Stroke Affecting More Young People According to Recent Study

Stroke signs

Stroke is the second leading cause of death worldwide after heart disease. In the U.S. alone, more than 140,000 people die each year from stroke. In a recent analysis by a group of scientists of more than 100 studies from 1990 to 2010, they found that the incidence of storke in people aged from 20-64 has jumped by a quarter whereas these patients make up almost one third of the total number of stroke patients all over the world.

Stroke is defined as a sudden interruption in the blood supply of the brain which could be due to formation of a blood clot in the arteries (ischemic stroke) or due to bleeding into brain tissue cause by a bursting vein (hemorrhagic stroke). Ischemic stroke in itself is divided into two types: thrombotic and embolic strokes.

Thrombotic stroke occurs when diseased or damaged arteries become blocked by the formation of a blood clot within the brain. This is referred to clinically as the cerebral infarction. This type of stroke results in permanent brain damage. Thrombotic stroke is the most common type and it responsible for 50% of total number of strokes worldwide.

Embolic stroke on the other hand occurs when a clot forms in arteries other than cerebral arteries (arteries in the brain). The clot then travels in the blood stream until it becomes lodged thus preventing blood supply to the brain.

Ischemic strokes in general show greater risk for older people and are triggered by common strokes risk factors such as: aging, smoking, diabetes and obesity.

Hemorrhagic stroke could either be due to intracerebral hemorrhage (bleeding inside the cerebrum: the largest portion of the brain), or subarachnoid hemorrhage (subarachnoid space  -in the skull, surrounding the brain- is filled with blood). Intracerebral hemorrhage stroke is mainly caused by high blood pressure which is one of the greatest risk factors for stroke in general, while the cause behind subarachnoid hemorrhage stroke is unknown and might be related to birth defects.

Stroke was found by researchers to be more common in East Asia, North America, Europe and Australia than third-world countries. This might be due to the fact that people in those regions die of other ailments before they get old enough to have a stroke. National systems to monitor strokes may be one of the best methods in spreading awareness about signs of stroke and how to avoid having it in the first place. Maintaining a healthy lifestyle is one of the main focuses of these systems.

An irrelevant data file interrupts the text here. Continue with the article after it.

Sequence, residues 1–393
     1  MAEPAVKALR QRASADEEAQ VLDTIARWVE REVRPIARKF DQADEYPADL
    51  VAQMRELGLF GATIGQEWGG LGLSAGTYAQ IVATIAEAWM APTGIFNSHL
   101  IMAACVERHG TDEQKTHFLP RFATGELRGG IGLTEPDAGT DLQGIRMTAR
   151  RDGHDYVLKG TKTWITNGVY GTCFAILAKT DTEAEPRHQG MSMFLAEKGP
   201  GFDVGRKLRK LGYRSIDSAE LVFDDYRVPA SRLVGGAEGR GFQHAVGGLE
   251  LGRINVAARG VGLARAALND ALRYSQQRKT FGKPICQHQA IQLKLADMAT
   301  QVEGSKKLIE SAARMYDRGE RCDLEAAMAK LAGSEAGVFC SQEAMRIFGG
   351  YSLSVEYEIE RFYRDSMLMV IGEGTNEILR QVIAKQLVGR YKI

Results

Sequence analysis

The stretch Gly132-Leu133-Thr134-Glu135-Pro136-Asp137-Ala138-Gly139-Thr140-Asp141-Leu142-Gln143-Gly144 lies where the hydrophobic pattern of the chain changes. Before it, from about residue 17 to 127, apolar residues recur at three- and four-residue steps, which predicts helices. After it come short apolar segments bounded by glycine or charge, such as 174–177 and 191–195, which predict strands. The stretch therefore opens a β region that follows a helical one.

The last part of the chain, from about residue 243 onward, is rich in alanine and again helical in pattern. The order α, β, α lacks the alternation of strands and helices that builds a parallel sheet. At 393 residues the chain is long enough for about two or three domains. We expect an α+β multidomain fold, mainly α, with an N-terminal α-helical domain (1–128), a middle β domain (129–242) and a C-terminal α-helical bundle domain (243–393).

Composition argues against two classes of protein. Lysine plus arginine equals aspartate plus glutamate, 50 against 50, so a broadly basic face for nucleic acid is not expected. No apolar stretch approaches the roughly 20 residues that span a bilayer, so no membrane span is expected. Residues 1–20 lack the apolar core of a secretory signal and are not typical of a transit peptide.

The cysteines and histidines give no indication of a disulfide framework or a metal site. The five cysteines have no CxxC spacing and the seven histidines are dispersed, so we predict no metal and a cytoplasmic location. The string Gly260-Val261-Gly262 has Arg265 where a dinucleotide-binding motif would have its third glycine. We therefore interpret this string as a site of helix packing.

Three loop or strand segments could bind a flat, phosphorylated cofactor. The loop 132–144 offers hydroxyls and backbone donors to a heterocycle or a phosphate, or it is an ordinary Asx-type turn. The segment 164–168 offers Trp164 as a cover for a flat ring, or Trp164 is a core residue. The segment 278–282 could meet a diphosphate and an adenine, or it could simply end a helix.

Finding a cure for strokes is difficult but scientists never lose hope. A research group at Lund University, in Sweden has published a study that takes stroke management to a whole different level through stem cell-based treatment. In the study, at two months after transplantation of induced pluripotent stem cells (iPSCs) into the stroke-injured brain cells of rats, the iPSCs matured into nerve cells and resulted in better mobility of the animals.

Warning signs of a stroke are summarized in the word FAST, as devised by the National Stroke Association. FAST stands for face, arms, speech and time. Timely observation of sudden numbness in the face of the patient or confusion, trouble speaking and difficulty in smiling would help in rushing the patient to a hospital as soon as possible. This would minimize the damage, hopefully.

For the younger generation and their high rate of strokes, a healthy lifestyle must be achieved at all costs. Smoke cessation and watching their diets (less salt, calories and alcohol) are two of the most important risk-reducers.

Young people usually dismiss stroke as an elderly disease but according to Dr. Yannick Bejot, at University Hospital of Dijon in France, it is the healthcare professionals’ duty to educate them and help them understand the seriousness of the problem.

Written by: Jaylan Salah

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